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Seth Perlman/AP Photo

There's a battle raging in the U.S. Congress in which Big Oil is trying to drive a stake through the heart of a major competitor – the renewable fuels industry.

It is playing out south of the border, but it has a direct effect in Canada as we follow the U.S. policy lead because the vehicle manufacturing and energy supply sectors are integrated.

Big Oil, in this case the American Petroleum Institute (API), is demanding that Congress "repeal" the law that requires ethanol to be blended with gasoline. It's a complicated formula but the end result is that gasoline in Canada and the United States contains 5 to 10 per cent ethanol. There's talk about increasing it to 15 per cent and the oil industry has absolutely no intention of losing another 5 points of market share.

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It's a battle worth fighting because the gasoline market is shrinking as Americans are driving less and doing so in more fuel-efficient vehicles. At the same time, more aggressive drilling and fracking is resulting in more domestic hydrocarbon supply than ever.

Ethanol has its critics largely because it is made from corn, giving rise to the "food for fuel" debate. Corn-based ethanol is certainly making farmers happy but it is also making a considerable contribution in reducing tailpipe emissions. There's no shortage of corn and corn prices are way down from last year, making the ethanol price advantage even greater; ethanol is now about one U.S. dollar cheaper per gallon than gasoline.

But what the oil industry really fears is cellulosic ethanol. That's ethanol made from waste. Who wouldn't rather see municipal garbage, sewage sludge, agricultural and forest waste converted into fuel – either alcohol (ethanol) or bio-diesel. Plants are being built to do just that, and these will impact the need for rail cars of crude oil rolling through your town or additional pipelines.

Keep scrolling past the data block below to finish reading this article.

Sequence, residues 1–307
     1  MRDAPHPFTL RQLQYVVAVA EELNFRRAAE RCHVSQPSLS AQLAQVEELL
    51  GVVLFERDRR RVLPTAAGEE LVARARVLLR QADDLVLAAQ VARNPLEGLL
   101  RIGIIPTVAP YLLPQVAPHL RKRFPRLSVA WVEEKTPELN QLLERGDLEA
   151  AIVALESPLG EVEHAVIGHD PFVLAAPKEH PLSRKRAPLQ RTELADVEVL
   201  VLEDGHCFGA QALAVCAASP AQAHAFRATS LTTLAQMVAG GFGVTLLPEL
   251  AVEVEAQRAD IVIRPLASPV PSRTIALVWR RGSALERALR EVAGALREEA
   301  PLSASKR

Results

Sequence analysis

But let's get back to the battle in Congress. In hearings of the House Energy and Commerce Committee, the oil industry has declared it wants the Renewable Fuels Standard abolished. The Environmental Protection Agency created the RFS program in 2005 and established the country's first renewable fuel volume mandate in order to open the door to less expensive and cleaner home-grown fuel.

The American Petroleum Institute has launched a print, radio and television advertising campaign designed to generate public support for repealing the federal Renewable Fuel Standard. "The new ads are the first in a series designed to educate American consumers on why we must end this unworkable mandate," said Robert Greco, an API Director.

The oil industry was furious when, earlier this year, the Environmental Protection Agency approved the use of gasoline containing 15 per cent ethanol – E15 – for vehicles made in 2001 and later. It claimed that this blend can harm engine components although flex-fuel vehicles can safely use E85 and all cars in Brazil have been running on E20 for decades.

API says it has mobilized its grassroots network of more than 15 million concerned citizens.

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"Thousands of Americans have been calling the White House and contacting Congress every week," Greco said. "These ads will encourage more Americans to tell the White House to fix the problem before it's too late, while urging Congress to completely repeal the RFS."

It is shaping up to be a historic battle between the oil industry and the renewables. The Obama administration has been squarely on the side of the renewables in the last several years but this is now in the arena of down-and-dirty politics. Anything could happen.

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